27 abr 2006

U of Chicago P may be interested in my Lorca book. That gives me some motivation to write it.

I decided I was an article person, not a book person, a few months ago. Now I have decided I am a book person. I'm going to write it as a book, in Chicago style manual style.
Kent Johnson really is insane, not to mention homophobic. He argues (in a comment box at Kasey's blog) that in the good old days the virile working class militants would enjoy beating up "aesthetes." Well, yes. There really is a tradition of sending, or threatening to send, "aesthetes" and queers to the re-education camps. I just didn't know anyone was nostalgic for that particular totalitarian tradtiion, and would openly admit it to these kind of violent Stalinist fantasies of beating up those "artistic" types.

26 abr 2006

I've finished the NEH proposal, "Apocryphal Lorca." Penultimate draft, taking me most of the day. All I have now is bibliography to do. Deadline is Monday. I'm surprised others are not as in love with this project as I am. Ah well... Why should they be?
My favorite cliché of cultural studies: it is no accident/coincidence that... it cannot be coincidental that... It cannot be a coincidence that... it is surely no coincidence that...

Useful for asserting a weak or unproven connection between two simultaneous phenomena. The rhetorical structure of the phrase commands assent, does the work of actually demonstrating that there is a connection.

Related: "at the very moment when.... "

This also creates a spurious sense of things being connected in time and thus causally correlated, when they may or may not be.

25 abr 2006

There is a common theme running through reception to certain movements. Surrealism, Language Poetry, and Flarf come to mind. The idea is that critical response becomes impossible because the methods used to produce the texts rule out aesthetic response. Whether it be automatic writing, in the case of the surrealists, or google sculpting, in the case of flarf. The claim is made that nobody can tell good automatic writing from bad, a good flarf poem from a bad, etc...

Then a few things start to happen. People do make aesthetic judgments even in these areas. Although the practioners of any particular style aren't that interested in drawing attention to the worst manifestations, a sorting-out process does indeed take place. We no longer think Breton's poetry is unjudgeable in any meaningful sense.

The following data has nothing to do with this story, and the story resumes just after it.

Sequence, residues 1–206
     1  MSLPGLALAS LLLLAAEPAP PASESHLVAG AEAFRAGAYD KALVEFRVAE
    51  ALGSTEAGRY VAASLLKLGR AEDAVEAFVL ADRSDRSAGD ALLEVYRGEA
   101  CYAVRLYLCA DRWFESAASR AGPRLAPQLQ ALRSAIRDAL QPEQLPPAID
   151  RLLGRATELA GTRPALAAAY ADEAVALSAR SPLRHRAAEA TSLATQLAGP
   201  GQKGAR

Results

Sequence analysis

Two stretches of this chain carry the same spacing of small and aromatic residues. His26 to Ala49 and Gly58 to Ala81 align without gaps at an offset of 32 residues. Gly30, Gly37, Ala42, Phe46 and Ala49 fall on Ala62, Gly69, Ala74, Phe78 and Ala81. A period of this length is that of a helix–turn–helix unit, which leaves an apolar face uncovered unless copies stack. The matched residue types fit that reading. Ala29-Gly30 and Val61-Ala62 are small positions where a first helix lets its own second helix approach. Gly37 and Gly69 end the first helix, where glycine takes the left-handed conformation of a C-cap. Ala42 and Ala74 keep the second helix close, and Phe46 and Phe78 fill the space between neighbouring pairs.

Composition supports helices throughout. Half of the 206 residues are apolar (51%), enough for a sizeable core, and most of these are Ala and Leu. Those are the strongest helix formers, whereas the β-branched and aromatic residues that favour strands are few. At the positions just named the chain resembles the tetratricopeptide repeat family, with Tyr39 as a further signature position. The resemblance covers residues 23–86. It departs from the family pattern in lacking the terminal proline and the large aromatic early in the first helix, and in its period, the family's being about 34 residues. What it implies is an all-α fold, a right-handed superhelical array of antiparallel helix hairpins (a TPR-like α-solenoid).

Still, that initial suspension of judgment, while threatening to some, is also salutary. I want to see what someone is doing for a little while before I start assigning it a rank.
Stephen Baraban's new blog The Earth With A City In Her Hair , opens with some comments about Bernadette's epigrams.
Everything is socially constructed, even scientific facts. But there is a large category of things that are socially constructed only in a trivial sense. The boiling point of water is socially constructed in the the trivial sense that the concept of a temperature scale in which the boiling of water is a significant fact would not exist at all without human beings. We can say water boils at the same temperature in every culture (putting aside differences in elevation) but that their might be different temperature scales (Fahrenheit vs. Centigrade). By the same token, there are socially constructed facts whose empirical base seems trivial, i.e., non-meaningful.

Everyone is a social-constructionist and a scientific realist as well. That is, everyone recognizes the difference between two kinds of interest. Sometimes we get confused though.
On The Social Construction of Tuesday

Tuesday is socially constructed, conventional. It does not exist in nature, apart from human culture and society. It has no essence; it is not a thing-in-itself. Yet the statement "Today is Tuesday" seems an incontrovertible fact (if it in fact is Tuesday). It also seems uncontroversial to say that Tuesday is tranlated as "martes" or "mardi," etc...

I'm not sure where I'm going with this. Maybe it's just a simple demonstration that quite a bit of our reality is socially constructed. I've never understood the entrenched resistance to this idea. The idea that reality is constructed doesn't put us in some Alice in Wonderland world: it puts us squarely in our own world. It doesn't even eliminate normal notions of truth.

Almost everything we study in the humanities is socially constructed. That's almost the definition of the humanities: study of the man-made world of culture. All the ways anyone makes sense of the world are always based in human culture. Not just Tuesday, but Thursday too! Within this study there are still empirical questions, but the overall framework must be hermeneutical, not empiricist. Empirical questions are usually trivial (What is Sam Beckett's real birthday?). The reason why we want to know this is not empirically based even. We have decided as a culture that someone's birthday is significant, the particular Tuesday or Thursday or April or May that someone's birth fall on. We want to commemorate that day, recognize it as a fact. it is only this that makes an empirical fact non-trivial, i.e., enfused with significance.

The meanings and significances of works of literature fall wholly into the socially-constructed realm too. That doesn't mean I can't be right and you wrong. What it means is that there can be no appeal to anything outside of culture. (This is just literary theory 101)

20 abr 2006

What we know about ourselves:

We are geniuses, neglected by others. No praise is ever high enough.


We are frauds. All praise we get is on false pretences. The one who praises me is my friend, or has low standards, or is only being nice not to hurt my feelings.

There is no happy medium between these two self-perceptions; instead, they are at constant war.

19 abr 2006

Right now my problem is with inert poems. Poems that float a half-cute line or semi-relatable experience, and are done. No crazy language no wiggly perception nothing unknown. Nobody needs poems that don't do anything. I get no culture ruboff, no actual sharing in someone else's experience, no insight, nothing..